Here are two important points from the case that home owners should note.
Direct contribution to property
Buying a home entails paying the purchase price and other costs, such as stamp duties and legal fees. So when it comes to determining your share of the home, all such costs will be considered in the calculation and not just the money that went into the purchase price.
But what about funds spent on renovating the property soon after purchase?
In this case, the couple spent about $76,000 on renovations after they bought the resale flat in August 2019 – $36,000 in cash and $40,000 in the form of a renovation loan from a bank.
During an earlier hearing at the Family Court, the district judge declined to add the renovation costs to the calculation because he considered that the improvement work was basic and did not significantly alter the property.
As a result, he determined the couple’s shares based on what they paid for the flat, a ratio of 41 per cent for the husband and 59 per cent for the wife.
As it was the wife who shelled out the $36,000 in cash for the renovations, her lawyer, Mr Sarbrinder Singh, filed an appeal to the High Court, arguing that such costs should give her a bigger share in the flat.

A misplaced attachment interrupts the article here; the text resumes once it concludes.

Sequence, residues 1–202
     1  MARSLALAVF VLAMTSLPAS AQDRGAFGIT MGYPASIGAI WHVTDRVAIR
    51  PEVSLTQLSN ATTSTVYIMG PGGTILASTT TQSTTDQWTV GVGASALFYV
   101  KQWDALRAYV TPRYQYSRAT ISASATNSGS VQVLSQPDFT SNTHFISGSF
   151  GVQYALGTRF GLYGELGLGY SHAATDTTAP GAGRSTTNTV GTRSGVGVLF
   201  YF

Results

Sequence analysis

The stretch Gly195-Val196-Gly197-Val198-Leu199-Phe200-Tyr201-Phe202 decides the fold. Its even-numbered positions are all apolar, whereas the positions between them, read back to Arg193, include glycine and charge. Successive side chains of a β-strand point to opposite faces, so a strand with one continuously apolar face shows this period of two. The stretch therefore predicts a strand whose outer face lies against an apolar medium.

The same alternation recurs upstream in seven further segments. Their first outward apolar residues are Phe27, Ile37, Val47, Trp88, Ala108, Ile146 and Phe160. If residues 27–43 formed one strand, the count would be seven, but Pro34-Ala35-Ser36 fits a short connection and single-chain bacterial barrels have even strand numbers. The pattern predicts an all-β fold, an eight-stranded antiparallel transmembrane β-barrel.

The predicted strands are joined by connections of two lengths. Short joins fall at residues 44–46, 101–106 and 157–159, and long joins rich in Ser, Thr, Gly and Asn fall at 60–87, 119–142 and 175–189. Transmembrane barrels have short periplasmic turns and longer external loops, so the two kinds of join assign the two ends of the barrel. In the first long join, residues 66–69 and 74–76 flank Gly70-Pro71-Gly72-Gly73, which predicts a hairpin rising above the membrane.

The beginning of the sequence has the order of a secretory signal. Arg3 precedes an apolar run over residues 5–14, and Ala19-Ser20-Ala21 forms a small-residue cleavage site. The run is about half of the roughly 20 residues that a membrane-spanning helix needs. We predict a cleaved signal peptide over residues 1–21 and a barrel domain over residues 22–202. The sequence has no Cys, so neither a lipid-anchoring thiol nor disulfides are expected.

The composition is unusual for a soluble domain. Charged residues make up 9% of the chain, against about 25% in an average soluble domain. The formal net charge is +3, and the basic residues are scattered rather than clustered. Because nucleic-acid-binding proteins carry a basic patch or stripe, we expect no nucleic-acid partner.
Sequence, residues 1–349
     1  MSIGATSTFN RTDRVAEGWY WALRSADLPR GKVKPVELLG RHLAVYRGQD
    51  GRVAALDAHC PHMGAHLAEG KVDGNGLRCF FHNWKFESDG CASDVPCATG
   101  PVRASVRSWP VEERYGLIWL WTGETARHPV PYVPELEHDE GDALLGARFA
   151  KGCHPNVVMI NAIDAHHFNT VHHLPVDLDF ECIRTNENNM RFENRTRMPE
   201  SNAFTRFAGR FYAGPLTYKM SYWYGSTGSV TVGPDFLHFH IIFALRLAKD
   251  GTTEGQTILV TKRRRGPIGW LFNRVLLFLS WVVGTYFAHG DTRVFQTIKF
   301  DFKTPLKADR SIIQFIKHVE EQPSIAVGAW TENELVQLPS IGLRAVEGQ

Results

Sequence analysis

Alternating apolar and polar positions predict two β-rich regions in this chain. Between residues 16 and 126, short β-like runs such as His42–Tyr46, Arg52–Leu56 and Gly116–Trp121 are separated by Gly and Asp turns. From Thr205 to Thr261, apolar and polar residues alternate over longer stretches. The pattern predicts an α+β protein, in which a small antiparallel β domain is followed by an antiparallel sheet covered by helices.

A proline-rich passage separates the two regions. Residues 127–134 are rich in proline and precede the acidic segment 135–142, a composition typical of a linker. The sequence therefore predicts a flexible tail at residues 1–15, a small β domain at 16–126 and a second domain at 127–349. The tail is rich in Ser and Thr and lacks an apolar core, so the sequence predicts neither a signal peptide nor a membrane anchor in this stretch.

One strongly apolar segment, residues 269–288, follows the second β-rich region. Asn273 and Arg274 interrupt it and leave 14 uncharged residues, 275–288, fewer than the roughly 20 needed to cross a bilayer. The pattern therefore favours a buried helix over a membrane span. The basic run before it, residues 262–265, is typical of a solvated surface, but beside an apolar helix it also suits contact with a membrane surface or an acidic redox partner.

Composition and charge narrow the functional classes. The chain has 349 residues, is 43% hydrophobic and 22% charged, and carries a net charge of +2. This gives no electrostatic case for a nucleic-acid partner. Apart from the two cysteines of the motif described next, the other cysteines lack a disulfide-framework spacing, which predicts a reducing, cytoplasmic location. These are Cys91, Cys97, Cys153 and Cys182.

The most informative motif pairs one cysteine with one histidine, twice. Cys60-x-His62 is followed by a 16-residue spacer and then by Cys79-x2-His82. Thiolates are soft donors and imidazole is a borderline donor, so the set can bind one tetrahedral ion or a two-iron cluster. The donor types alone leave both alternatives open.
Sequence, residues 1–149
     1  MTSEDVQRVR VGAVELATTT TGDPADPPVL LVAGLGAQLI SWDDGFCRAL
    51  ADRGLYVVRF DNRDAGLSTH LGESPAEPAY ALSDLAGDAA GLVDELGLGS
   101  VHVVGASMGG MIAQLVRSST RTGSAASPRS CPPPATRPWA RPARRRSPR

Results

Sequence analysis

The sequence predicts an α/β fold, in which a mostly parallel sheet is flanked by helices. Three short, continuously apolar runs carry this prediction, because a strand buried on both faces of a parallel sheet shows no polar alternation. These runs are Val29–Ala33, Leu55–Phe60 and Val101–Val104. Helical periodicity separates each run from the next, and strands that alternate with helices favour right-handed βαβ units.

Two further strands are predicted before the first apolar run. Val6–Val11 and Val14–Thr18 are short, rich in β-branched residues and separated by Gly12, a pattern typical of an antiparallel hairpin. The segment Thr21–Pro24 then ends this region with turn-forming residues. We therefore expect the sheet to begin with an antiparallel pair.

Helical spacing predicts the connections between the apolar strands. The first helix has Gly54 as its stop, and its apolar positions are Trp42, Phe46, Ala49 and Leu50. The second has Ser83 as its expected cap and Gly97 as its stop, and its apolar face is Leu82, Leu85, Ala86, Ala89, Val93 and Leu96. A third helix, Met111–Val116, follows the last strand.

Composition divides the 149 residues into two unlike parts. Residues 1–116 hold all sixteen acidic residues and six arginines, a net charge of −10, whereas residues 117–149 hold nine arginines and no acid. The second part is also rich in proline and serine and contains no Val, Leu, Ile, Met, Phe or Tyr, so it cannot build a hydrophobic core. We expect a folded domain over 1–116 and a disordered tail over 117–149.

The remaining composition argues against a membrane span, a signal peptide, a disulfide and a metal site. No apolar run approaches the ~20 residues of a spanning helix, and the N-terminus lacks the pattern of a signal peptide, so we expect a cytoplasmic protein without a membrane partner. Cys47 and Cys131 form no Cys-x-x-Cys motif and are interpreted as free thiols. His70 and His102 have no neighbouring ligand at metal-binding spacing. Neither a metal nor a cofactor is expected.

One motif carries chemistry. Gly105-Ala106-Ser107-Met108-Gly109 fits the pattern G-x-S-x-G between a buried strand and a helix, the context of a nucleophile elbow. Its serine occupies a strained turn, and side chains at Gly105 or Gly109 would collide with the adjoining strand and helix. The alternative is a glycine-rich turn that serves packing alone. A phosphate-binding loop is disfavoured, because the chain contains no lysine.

Justice Choo allowed the appeal and noted that the direct financial contributions of parties should not be limited to funds used to buy the asset, but also include expenses incurred for the “improvement of the matrimonial asset”.
Home renovation often involves substantial facelifts and customisation. In this case, the renovation cost about 20 per cent of the purchase price.
“It would not be just and equitable for the court to ignore sizeable sums of monies expended to improve matrimonial assets,” the judge added.
At the hearing, the man argued that his former wife did not wholly contribute to the renovation cost and he also claimed that he had reimbursed her with cash later. He initially said he paid $15,500, but later said that he had given her $29,000.
Despite his claim of contributing the bulk of the costs, he did not produce any document or proof to support his argument. Not surprisingly, the Family Court had earlier ruled against him and found that his ex-wife paid all the $36,000.
Justice Choo said that given the lack of a consistent position and cogent evidence, he upheld the lower court’s finding that the man did not come up with any cash for the renovation. As a result, the ex-wife’s payment of $36,000 should be counted towards her direct financial contributions.